Seattle biotech company developing non-opioid painkiller

The drug is derived from a sea animal and doesn't affect the central nervous system, its maker says.

There are at least 50 accidental overdoses from prescription opioids every day in the United States. That's more than the number of people who overdose from heroin.

Five years ago, scientists at Seattle-based biotech company Kineta recognized the growing problem of opioid overdose and abuse and began working to create something completely different. Their goal is to focus on the use of opioids for chronic pain.

"Injury can turn into chronic pain is that the acute injury can lead to inflammation of the nerve, Inflammation of the nerve can lead to degeneration. And so even though the primary injury can be corrected by surgery or just through generally healing those people can develop a chronic pain syndrome," said Shawn Iadonato, CEO at Kineta.

Kineta is a privately held biotech company focused on developing immunotherapies. Iadonato says their non-opioid pain drug is called KCP 400. The drug is derived from a protein that is found in the cone snail venom.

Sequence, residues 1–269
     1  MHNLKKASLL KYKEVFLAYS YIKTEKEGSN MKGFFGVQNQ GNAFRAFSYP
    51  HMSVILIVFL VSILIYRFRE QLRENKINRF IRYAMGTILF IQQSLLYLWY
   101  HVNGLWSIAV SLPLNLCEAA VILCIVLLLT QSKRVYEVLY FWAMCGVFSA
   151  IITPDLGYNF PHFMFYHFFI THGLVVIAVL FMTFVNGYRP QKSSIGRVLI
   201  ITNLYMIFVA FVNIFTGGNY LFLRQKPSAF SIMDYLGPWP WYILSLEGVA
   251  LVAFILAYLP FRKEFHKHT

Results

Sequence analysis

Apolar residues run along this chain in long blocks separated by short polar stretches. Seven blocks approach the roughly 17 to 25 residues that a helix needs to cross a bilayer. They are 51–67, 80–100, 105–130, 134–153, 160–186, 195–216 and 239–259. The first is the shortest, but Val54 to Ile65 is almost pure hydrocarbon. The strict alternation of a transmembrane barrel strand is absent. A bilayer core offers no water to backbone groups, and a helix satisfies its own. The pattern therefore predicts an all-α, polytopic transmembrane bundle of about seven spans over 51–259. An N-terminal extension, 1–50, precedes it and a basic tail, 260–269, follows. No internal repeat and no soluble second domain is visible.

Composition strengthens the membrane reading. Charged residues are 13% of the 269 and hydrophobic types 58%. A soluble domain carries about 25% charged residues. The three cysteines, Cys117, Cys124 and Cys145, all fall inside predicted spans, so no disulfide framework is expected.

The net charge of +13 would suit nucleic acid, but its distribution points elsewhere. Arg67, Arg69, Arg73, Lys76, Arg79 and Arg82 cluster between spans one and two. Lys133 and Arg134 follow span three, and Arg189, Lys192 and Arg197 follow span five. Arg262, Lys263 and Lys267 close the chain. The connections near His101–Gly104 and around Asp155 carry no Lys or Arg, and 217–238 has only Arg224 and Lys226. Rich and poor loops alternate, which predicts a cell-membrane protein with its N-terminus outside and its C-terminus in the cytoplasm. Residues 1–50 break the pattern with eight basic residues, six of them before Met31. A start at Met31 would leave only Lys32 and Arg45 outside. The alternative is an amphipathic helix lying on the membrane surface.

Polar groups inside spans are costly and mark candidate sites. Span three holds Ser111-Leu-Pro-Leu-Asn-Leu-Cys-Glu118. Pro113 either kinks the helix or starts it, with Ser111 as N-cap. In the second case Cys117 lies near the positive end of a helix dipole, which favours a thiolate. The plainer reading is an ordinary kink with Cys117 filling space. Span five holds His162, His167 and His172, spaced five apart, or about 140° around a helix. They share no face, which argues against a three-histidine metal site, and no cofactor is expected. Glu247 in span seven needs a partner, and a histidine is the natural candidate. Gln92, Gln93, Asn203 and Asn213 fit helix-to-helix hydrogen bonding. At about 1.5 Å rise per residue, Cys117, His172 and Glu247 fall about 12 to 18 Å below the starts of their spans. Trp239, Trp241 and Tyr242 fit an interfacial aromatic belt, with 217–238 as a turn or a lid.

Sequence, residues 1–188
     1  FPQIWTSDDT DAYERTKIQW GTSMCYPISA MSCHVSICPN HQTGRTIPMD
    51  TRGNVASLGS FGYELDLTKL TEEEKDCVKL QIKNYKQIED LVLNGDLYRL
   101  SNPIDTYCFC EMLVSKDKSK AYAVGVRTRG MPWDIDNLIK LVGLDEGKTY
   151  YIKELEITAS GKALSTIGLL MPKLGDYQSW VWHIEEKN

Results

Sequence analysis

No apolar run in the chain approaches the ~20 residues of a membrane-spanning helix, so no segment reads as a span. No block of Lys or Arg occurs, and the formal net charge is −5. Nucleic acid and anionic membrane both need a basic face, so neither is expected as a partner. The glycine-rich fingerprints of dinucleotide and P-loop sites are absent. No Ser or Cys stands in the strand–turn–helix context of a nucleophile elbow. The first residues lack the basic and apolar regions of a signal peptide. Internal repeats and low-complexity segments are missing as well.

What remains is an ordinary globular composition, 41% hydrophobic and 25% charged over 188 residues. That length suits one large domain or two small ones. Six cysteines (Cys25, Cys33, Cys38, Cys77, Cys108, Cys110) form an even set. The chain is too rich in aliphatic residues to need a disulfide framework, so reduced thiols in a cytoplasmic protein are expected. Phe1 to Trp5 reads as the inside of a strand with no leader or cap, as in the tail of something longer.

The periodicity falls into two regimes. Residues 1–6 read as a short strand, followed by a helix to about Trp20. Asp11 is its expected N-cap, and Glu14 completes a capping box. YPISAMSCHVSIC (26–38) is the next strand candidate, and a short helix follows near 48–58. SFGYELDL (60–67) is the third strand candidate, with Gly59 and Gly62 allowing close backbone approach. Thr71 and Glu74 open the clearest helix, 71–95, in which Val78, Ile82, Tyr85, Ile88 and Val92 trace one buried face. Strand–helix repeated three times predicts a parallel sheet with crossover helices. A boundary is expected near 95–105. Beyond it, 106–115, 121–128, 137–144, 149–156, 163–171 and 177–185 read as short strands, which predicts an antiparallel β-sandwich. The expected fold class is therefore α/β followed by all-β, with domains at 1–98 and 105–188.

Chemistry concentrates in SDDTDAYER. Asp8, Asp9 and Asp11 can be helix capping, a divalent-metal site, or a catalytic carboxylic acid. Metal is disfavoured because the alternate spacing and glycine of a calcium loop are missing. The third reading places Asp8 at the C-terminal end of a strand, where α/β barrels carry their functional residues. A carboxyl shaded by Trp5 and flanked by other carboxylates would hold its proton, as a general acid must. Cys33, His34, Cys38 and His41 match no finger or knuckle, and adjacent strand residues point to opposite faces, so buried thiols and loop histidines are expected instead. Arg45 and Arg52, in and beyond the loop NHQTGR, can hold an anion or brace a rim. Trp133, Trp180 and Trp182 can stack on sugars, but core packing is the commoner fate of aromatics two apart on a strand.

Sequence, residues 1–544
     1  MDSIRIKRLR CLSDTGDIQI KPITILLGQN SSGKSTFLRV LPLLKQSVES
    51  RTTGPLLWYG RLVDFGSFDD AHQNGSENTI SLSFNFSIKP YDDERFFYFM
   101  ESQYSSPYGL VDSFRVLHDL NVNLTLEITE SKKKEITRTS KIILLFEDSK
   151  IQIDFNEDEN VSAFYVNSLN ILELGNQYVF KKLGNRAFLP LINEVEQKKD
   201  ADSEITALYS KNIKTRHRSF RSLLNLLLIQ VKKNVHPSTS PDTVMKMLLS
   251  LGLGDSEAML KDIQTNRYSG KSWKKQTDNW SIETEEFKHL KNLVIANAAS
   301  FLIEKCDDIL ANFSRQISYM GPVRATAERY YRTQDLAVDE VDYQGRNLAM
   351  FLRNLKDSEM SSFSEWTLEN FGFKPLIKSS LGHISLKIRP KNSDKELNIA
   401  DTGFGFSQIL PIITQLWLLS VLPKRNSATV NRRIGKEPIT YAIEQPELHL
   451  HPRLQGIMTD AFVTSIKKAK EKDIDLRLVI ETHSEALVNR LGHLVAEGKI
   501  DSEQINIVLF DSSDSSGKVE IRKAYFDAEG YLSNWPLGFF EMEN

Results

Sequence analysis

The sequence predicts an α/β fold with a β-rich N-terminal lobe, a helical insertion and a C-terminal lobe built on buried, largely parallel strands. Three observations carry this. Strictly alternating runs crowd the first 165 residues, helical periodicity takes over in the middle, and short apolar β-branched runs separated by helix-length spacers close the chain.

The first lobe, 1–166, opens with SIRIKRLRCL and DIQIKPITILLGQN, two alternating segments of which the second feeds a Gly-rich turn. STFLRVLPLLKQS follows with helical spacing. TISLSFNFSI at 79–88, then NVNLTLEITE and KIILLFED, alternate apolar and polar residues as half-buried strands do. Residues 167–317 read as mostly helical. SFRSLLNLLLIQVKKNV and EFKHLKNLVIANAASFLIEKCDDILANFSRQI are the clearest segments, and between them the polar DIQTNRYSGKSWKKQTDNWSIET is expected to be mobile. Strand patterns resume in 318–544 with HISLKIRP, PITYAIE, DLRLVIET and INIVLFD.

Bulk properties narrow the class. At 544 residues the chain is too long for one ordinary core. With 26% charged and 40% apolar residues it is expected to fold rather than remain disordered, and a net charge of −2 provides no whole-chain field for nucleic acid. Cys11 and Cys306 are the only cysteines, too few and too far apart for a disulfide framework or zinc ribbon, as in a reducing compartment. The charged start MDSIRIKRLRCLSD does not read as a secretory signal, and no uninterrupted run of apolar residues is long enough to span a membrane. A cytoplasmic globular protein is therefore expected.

But patients won't be taking venom. Kineta has developed a fully synthetic version. It works much differently than opioids which act on the brain and spinal cord, masking the pain. KCP 400 is designed to only work at the site of the injury by blocking pain signals at the source.

"So, pain is a signal that comes from the site of injury. It travels up through a long nerve through the spine and from the spinal cord up into the brain and this pain signaling can be blocked in the brain. It can be blocked in the spinal cord or it can be blocked at the site of injury. This drug is really designed to block pain at the site of injury, wherever you have it injury the drug should be acting at that location. In addition, it has an anti-inflammatory effect," Iadonato said.

At this point their plan is to use an injectable form of the drug weekly. Some patients are being trained to give themselves the shot much like insulin. There have been no side-effects seen so far in their testing but it is still in the early stages with human clinical trials being organized now.

They expect those trials to begin next year so it will likely be a few years before we see this KCP 400 on the market.

© 2017 KING-TV


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